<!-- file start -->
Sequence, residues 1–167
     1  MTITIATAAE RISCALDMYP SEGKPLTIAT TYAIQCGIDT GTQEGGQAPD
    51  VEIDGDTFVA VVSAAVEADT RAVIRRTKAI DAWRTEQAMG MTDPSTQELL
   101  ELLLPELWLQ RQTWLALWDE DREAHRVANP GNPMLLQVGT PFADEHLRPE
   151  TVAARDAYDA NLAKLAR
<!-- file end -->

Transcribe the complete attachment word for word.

Sequence, residues 1–167
     1  MTITIATAAE RISCALDMYP SEGKPLTIAT TYAIQCGIDT GTQEGGQAPD
    51  VEIDGDTFVA VVSAAVEADT RAVIRRTKAI DAWRTEQAMG MTDPSTQELL
   101  ELLLPELWLQ RQTWLALWDE DREAHRVANP GNPMLLQVGT PFADEHLRPE
   151  TVAARDAYDA NLAKLAR